Soapbox Philosophy: We must renew our independence by Gregory R. Norfleet · Op-Ed · July 05, 2013
The United States continues to step away from a standard bigger than itself for a standard it can mold as it pleases.
This is not progress.
My concerns are bigger than the National Security Agency gathering data on my phone calls and Internet usage, but as an example, ask yourself this: Have you, even once, thought twice about what you punch into your Web browser since learning of the NSA’s data-mining program?
That’s neither the spirit nor the letter of the freedom written into the U.S. Constitution.
That’s tyranny. That’s oppression.
The Patient Protection and Affordable Care Act’s provision that all people must purchase health insurance is forcing people to spend money that they may not otherwise. The U.S. Supreme Court incorrectly concluded that the “fine” for not carrying insurance is actually a “tax” and, thus, is constitutional. And this past week Democrat Nancy Pelosi suggested we take time during Independence Day to celebrate the “health independence” delivered by the ACA.
Further, that the ACA requires companies to pay for abortion benefits even if the company’s founders disagree because of their religion is deplorable. That infringement on their freedom of religion is unconstitutional.
Benjamin Franklin said that “they who can give up essential liberty to obtain a little temporary safety deserve neither liberty nor safety.”
Abraham Lincoln stated that “those who deny freedom to others deserve it not for themselves.”
If we really value freedom, then we would not treat law-abiding citizens like terrorists who threaten national security. If we believe in freedom, we would not force people to pay for health insurance in an attempt to keep hospital bills lower.
This is true even if all the promises of the NSA surveillance programs or ACA work as planned or better. The ends do not justify the means.
But while the U.S. Constitution is a great standard, we must remember that it was written upon the principals of an even greater standard.
Dwight Eisenhower encouraged reading when he said, “Don’t join the book burners. Don’t think you’re going to conceal faults by concealing evidence that they ever existed. Don’t be afraid to go in your library and read every book ...”
There is a book that reveals faults in everyone who reads it. It is a standard bigger than any government. Because of that, many people, especially those who have not read all of it, hate it.
And while many people have never poured gasoline on it and struck a match, scores of people in the past and today have tried to discredit this book. Yet, after thousands of years, that book still stands strong and has not been found wrong — not by science, not by history, not by philosophy, not by sophistry.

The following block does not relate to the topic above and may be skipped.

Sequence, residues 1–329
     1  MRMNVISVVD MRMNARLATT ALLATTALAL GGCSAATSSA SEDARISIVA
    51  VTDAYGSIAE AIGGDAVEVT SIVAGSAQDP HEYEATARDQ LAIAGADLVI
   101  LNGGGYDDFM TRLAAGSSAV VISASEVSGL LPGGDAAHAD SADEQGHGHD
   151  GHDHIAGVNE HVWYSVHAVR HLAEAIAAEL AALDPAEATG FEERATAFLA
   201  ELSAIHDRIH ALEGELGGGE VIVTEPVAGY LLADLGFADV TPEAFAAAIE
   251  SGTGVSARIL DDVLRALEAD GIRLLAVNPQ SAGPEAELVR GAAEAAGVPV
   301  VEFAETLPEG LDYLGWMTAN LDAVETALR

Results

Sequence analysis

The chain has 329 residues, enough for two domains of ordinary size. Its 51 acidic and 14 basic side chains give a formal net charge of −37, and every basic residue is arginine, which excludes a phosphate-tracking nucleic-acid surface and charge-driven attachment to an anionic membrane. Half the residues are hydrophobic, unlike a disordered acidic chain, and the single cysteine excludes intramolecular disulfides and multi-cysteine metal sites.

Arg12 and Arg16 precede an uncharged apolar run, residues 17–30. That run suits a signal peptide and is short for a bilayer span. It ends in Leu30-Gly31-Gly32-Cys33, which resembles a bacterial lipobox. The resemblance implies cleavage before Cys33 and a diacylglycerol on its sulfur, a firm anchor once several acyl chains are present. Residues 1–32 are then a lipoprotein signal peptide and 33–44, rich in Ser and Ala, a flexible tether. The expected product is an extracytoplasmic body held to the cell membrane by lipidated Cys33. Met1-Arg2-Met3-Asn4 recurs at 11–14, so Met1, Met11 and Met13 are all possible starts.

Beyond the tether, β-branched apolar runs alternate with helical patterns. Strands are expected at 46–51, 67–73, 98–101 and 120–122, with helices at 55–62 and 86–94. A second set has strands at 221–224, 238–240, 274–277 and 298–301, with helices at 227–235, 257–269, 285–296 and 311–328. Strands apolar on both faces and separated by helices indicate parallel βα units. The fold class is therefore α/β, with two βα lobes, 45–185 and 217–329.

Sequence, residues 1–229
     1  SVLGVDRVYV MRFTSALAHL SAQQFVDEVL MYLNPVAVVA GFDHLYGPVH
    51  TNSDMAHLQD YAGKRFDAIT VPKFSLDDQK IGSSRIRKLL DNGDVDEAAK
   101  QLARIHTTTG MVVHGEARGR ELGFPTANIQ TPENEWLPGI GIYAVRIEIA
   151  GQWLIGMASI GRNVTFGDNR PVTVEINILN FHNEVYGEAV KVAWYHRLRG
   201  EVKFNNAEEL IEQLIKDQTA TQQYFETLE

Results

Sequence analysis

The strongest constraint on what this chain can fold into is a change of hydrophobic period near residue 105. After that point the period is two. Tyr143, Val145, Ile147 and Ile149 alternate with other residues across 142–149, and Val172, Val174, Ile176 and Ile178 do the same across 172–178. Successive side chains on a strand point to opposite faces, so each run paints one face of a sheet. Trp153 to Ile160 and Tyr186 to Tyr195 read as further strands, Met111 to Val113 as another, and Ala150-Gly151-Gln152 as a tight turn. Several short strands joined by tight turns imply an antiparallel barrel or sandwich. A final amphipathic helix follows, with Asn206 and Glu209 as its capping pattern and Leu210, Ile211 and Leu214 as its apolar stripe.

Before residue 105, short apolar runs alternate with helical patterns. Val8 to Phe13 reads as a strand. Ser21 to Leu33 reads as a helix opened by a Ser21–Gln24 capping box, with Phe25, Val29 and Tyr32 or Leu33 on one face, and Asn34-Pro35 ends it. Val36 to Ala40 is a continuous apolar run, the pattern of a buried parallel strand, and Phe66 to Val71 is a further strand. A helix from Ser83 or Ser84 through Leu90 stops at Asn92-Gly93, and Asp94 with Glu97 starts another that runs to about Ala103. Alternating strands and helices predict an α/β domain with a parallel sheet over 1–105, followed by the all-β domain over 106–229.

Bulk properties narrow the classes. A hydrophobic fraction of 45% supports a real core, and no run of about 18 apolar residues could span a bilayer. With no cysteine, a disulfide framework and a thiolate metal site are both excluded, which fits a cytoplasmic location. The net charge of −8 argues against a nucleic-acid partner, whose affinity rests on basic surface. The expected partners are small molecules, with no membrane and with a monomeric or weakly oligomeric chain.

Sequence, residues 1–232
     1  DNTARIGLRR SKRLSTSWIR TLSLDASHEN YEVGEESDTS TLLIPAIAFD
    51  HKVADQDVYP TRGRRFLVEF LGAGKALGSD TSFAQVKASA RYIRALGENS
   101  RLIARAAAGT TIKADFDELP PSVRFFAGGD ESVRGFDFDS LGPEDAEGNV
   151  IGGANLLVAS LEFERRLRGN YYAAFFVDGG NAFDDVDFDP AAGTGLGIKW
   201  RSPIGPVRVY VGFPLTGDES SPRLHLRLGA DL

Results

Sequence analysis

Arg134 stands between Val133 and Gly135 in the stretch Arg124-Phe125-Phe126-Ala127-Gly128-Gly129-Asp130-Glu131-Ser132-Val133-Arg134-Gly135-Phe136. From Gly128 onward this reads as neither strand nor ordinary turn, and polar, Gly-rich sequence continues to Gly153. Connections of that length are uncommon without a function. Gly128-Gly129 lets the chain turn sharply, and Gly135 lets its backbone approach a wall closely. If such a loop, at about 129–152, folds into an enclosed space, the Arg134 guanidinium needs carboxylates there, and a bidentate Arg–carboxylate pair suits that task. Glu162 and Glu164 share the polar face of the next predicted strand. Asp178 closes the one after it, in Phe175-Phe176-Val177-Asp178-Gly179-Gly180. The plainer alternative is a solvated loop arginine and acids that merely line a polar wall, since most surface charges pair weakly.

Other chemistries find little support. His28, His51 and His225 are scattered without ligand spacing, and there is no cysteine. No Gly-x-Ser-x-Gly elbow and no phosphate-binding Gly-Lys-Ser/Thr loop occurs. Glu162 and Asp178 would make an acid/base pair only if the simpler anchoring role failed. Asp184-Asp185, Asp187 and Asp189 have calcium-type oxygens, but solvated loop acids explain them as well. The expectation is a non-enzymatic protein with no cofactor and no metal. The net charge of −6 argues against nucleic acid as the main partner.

So, instead of attacking it directly, many arguments go after the imperfect people with imperfect interpretations who try to tell others what it says.
It is a book that calls us all to a higher standard, not because it wants us to feel miserable and oppressed, but because it wants us to be free. It wants us to fully grasp what it means to be truly and wholly happy through courage and boldness to confront our shortcomings and strive to improve.
Instead, we try to ignore it. We try to find others who agree with us, like the Supreme Court, like the U.S. president, like state and U.S. legislators. We think that the more humans beings, especially those in powerful positions, who agree with us, the more we can justify settling for second best.
But we’re wrong.
When people first started arguing for a separation of church and state, it was because the church improperly used its position in the English government to oppress. Today, that same phrase is being used as “guilt by association” — anything, even good advice and good morals — should be cleansed from government if it has any ties to that book. Arguing for the separation of church and state this way is not an attempt to strive to be free. It is an argument to stunt our own personal growth.
We want the Freedom of Information Act to keep our politicians from becoming corrupt. The light of truth has that sanitizing effect.
Truth works on us as well, if we would just use it. We need to stop accepting watered-down definitions of “safety,” “security,” “love,” “hate,” and “freedom” for short-term gains or the lies that we can be fulfilled by less than the best.
Granted, this is personal. Our lives should not be public like a politician.
Yet the laws we’re passing, and the “freedoms” we are granting that take away liberties, or allow people to be less than what they can be, are far from the liberty we so desperately need.